India will delay opening commercial coal mining to private companies due to lower-than-expected demand for the fuel, a government official said, which could make it difficult for the country to meet ambitious output targets.
The world’s third-largest coal importer wants private companies to contribute about a third of an annual production target of 1.5 billion tonnes by 2020, but the hold up in opening the sector to non-government companies for the first time in over 40 years may mean India will fall well short of that mark.
State-run Coal India (COAL.NS) has ramped up production at a record pace, but debt-heavy power companies are not buying fast enough. This has forced the government into power reforms that can only start to yield results in the next few months.
“We’re reasonably confident that (the reforms) will help raise demand,” Coal Secretary Anil Swarup said. “We are ready, but there would be a little delay in opening up for private companies.”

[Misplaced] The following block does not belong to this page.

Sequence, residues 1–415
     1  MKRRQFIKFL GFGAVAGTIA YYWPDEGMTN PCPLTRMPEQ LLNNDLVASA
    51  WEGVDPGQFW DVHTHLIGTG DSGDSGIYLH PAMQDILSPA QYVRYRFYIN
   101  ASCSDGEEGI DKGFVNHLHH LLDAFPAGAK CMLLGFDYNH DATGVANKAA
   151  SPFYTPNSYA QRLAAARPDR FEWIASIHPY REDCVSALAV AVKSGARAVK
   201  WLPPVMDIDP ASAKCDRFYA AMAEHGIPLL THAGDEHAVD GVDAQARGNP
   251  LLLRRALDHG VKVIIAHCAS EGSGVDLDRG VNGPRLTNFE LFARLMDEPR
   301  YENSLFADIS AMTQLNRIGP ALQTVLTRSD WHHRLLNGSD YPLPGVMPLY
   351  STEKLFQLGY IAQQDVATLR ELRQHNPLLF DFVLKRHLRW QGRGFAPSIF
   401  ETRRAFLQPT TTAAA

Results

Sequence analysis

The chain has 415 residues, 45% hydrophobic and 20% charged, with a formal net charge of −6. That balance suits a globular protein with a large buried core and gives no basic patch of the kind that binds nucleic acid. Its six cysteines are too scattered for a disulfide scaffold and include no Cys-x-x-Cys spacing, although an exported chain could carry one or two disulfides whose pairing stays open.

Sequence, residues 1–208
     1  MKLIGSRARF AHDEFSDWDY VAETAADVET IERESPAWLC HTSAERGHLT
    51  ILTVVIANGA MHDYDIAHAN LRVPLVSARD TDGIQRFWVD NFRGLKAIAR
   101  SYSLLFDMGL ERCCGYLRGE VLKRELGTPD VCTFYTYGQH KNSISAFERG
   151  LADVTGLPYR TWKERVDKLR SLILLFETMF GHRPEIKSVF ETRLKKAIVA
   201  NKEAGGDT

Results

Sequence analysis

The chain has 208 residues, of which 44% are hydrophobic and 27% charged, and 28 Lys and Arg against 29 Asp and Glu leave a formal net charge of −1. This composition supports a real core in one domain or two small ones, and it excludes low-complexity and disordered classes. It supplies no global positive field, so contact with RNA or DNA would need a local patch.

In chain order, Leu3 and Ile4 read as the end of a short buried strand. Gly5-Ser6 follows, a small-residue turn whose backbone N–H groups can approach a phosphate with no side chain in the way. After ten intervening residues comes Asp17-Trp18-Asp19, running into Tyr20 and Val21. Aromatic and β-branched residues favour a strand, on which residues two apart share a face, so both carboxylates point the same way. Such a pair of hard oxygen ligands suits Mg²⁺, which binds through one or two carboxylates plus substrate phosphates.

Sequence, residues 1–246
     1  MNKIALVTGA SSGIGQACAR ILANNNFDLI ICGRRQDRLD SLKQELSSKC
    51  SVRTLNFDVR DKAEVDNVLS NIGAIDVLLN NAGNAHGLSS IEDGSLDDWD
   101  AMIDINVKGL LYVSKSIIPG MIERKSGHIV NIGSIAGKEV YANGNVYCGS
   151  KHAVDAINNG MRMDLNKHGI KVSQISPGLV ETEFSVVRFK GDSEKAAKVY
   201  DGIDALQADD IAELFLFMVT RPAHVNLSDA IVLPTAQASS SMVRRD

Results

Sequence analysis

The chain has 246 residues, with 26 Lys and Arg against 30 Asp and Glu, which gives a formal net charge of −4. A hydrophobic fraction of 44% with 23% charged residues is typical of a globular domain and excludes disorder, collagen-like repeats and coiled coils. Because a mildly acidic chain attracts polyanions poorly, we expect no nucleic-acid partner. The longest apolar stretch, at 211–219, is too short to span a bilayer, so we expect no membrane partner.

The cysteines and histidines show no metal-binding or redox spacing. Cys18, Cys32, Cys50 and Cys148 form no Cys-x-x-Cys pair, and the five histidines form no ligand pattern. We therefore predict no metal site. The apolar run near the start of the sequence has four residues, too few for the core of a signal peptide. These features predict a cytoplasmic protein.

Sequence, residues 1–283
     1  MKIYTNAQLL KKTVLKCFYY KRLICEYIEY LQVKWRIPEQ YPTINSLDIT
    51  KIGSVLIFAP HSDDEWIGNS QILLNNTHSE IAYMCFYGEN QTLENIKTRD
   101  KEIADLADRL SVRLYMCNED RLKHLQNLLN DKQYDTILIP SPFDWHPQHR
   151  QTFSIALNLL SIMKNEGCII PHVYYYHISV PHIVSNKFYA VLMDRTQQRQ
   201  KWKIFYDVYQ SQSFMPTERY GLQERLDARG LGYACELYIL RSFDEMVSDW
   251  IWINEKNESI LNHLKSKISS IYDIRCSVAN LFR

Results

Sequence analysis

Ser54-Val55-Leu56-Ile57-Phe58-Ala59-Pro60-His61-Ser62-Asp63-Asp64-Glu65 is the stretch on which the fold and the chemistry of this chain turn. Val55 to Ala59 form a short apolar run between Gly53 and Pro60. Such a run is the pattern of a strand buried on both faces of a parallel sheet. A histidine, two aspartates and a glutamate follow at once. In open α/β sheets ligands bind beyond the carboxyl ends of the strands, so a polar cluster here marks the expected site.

Swarup, who was earlier aiming to unveil a commercialisation plan around April to double India’s coal output by 2020, said the government has already identified mines to auction and that it would proceed quickly once market sentiment improves.
As of now, only Coal India (COAL.NS) and a small government-owned company are allowed to mine and sell coal in India.
When demand does improve, the plan to open up will likely attract coal block bids from Indian conglomerates such as the Adani Group (ADEL.NS), but New Delhi may find it hard to lure multinational miners such as Rio Tinto (RIO.AX), BHP Billiton (BHP.AX), Anglo American (AAL.L) and Peabody Energy (BTU.N).
Coal prices have bounced from multi-year lows hit in mid-January but investors are still worried about global oversupply.
Foreign companies have also previously faced obstacles to investing in India, such as problems in getting land and environmental approvals, dampening their appetite for taking on large-scale projects in the country.